29 May 2015 Whitewall: Haluk Akakçe on Butterflies and the Spirit World
Haluk Akakçe is no art world newcomer. The Turkish contemporary artist has shown his eclectic works all over the world, and is still included in many international collections such as, Thyssen-Bornemisza, Madrid; Fondation Louis Vuitton, Paris; Hoffman Collection, Berlin.
But for the past decade, the U.S. had yet to catch a glimpse of his creations. “Come Midnight,” his newest body of works now on view at New York’s Richard Taittinger Gallery, explores both the psychical and spiritual world, and highlights all of the ephemeral details in between. We spoke to the artist about his recent spiritual influence, his natural intentions, and what really happens during the early hours after midnight.
WHITEWALL: You’re showing work for the first time in the U.S. in almost a decade. Tell us about that.
HALUK AKAKÇE: It’s really exciting to be back in New York, and to reconnect with a city where my art career first started with a the Drawing Center “Selection Show” in 1997 followed by a show with Henry Urbach Architecture, PS.1, and Deitch Projects.
WW: Your experience as an architect seems to have given you structure. How does this help or hurt you when creating such fluid pieces?
HA: Architecture as a discipline helped me to express myself through different levels of scale, which is one of the most exciting parts of the type of work I can create. From an intimate level by hand drawing to working with large scale installations, using moving images to redefine spaces and introducing forms or animated characters larger than life.
With this show, I had to work with an incredible amount of control. But I have given myself the freedom to break through and investigate the perfection of free flowing forms while being constraint by a defined set of rules.
WW: The titles of your work reference different kinds of women, The Career Girl, The Mother, The Lover, The Dancer—are these real-life women that you know or once knew, or are they imaginary characters you have given life to?
HA: They are real people that stand for various means of access to the spirit world. They represent gates to a new dimension.
WW: The butterflies in your work seem to be symbolic of rebirth and a new coming from a dark time. What about butterflies attracted you to them, and why did you choose to present them in your work?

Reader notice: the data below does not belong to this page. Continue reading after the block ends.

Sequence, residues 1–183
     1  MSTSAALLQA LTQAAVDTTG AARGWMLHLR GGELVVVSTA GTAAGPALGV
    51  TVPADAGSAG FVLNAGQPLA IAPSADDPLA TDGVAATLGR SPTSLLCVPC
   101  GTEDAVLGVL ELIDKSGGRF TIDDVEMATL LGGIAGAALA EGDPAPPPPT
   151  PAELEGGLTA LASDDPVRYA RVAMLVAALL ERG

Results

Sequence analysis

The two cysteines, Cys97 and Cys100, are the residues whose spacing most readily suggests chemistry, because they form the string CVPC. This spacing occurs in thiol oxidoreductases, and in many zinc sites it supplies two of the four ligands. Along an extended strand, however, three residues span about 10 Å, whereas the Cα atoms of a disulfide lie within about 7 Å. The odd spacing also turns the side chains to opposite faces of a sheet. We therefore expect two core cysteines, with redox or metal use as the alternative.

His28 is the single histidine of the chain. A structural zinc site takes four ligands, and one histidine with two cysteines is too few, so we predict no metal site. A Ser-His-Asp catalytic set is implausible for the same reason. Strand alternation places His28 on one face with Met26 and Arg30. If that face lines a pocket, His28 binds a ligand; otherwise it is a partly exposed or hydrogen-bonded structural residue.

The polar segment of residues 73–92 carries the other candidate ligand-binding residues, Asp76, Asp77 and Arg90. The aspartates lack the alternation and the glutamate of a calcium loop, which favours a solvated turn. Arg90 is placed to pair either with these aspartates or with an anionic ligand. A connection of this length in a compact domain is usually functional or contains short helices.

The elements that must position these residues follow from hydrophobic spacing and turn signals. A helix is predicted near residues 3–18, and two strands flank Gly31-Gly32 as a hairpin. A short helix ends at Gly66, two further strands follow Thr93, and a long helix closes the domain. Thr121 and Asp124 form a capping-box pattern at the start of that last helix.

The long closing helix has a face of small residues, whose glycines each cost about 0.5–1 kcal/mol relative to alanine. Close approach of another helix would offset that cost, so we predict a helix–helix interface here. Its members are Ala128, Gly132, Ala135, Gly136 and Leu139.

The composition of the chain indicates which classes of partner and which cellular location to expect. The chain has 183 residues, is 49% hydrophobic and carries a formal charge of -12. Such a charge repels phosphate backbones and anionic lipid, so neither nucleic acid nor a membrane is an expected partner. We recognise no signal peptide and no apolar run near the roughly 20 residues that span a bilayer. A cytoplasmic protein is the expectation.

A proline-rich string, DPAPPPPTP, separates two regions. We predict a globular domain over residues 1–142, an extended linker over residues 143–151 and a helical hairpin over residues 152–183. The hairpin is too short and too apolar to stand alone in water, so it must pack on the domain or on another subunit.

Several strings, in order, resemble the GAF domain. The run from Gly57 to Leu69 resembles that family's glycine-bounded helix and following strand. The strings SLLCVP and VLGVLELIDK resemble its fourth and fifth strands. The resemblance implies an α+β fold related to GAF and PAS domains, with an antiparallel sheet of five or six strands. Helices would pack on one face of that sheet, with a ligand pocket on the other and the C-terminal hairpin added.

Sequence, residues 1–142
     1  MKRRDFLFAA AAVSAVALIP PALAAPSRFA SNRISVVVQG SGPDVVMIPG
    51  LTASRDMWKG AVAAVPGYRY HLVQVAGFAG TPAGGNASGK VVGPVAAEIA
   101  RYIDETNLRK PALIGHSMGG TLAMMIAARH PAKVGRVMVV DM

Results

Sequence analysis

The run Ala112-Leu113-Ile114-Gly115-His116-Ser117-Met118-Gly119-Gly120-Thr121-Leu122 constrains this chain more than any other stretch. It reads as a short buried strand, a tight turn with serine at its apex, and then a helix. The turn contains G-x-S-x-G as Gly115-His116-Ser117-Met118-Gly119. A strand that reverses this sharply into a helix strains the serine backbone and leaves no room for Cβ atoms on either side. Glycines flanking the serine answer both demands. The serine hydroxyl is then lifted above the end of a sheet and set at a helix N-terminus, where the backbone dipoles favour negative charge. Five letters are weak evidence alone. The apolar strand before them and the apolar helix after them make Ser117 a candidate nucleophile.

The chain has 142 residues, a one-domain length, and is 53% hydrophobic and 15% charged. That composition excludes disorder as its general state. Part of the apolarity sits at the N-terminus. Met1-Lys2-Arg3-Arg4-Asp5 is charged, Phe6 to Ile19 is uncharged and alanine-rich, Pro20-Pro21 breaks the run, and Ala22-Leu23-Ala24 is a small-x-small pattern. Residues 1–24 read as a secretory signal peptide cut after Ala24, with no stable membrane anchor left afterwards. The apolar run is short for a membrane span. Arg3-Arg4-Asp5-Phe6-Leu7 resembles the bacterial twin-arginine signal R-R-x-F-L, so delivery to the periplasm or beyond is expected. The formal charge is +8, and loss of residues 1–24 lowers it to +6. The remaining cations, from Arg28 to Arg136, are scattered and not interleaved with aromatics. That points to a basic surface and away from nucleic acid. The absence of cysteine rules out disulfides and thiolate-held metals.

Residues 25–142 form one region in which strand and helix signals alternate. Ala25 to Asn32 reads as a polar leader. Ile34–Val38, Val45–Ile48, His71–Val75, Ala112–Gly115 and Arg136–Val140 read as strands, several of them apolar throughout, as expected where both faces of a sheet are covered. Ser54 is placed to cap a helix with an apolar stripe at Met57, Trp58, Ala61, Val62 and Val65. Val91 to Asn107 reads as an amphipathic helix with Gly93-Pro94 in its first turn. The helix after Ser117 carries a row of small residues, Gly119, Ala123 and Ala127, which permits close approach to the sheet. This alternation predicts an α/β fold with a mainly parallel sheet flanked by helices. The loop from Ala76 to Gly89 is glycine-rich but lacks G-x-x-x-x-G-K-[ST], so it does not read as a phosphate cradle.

HA: Butterflies always had a place in my life through different means. To measure things, we call a kilogram a kilogram, an hour an hour. The people I come across, I use butterflies as a unit of measure.
WW: There is a big balance between the spiritual world and the physical world. What propelled you to want to explore this relationship, and to debut it as a balanced work together, at once?
HA: After the passing of a close friend, my interest in the spirit world was heightened. I became invested in how it complemented or coexisted with the physical world. In the last five years, I have been interested in how the balance of those two worlds was justified in different believes, cultures, histories, and religions.
WW: In the video installation, the butterfly seems to be upbeat, but never quite overcomes the demise of falling, and in the end, slowly falls out of screen. If there is a metaphor for this storyline, what is it? What does the butterfly represent?
HA: I try to present in the most simplest way, with my own abstract process, a phase of life, that needed two phases of life form present. In the physical world, the two are the same. We are given shadows to support our fragile sense of being and presence as a silent witness.
In the spirit world, the form becomes light, so I was basically trying to say the life of the spirit is as real as, not more than, life on earth. There is something that combines both. To me personally, butterflies are the closest thing to spirits in the physical world.
WW: “Come Midnight” is a beautiful representation of rebirth after the “zero hour” passes. What types of emotions, feelings, thoughts, etc. do you experience after midnight?
HA: I like the world after midnight, for several reasons. I like to expand in that time space which comes with quiet and darkness, while washing all imperfections of city life. Knowing that most people go to bed before that time, I like expanding in the infinite dark space, and be able to reach within my most personal and un-censored feelings and emotions. For me, drawing is like praying; I like doing it in private. After midnight, I feel alone enough to be able to reach within my thoughts and feelings, knowing that there is no one to see it or experience it. But as the city awakens, I put my armor back on.
WW: Do you create your best work after midnight and/or into the early hours of the morning?
HA: For me, drawing is in the root and starting point of all my work, whether I draw for myself or video productions. It is like praying, so I do it after midnight, knowing that I am as close I can be to the universe, as quiet as it can be so I can hear my most quiet and hidden thoughts from myself.
WW: Two titles in name—“Sunshine on her shoulders” and “I will wait for you even if it takes a million years”—sound very romantic. Do you see these pieces of work, or any of your others, to be a means of expressing romanticism?
HA: My titles, as romantic as they are, are in fact quiet literal for me. I do mean it from a personal experience, I feel more alive when there is sunshine on my shoulders, than for example doing a physical activity, like say driving a car. At the end of the day, I was born a romantic, grew up a romantic and live as a romantic.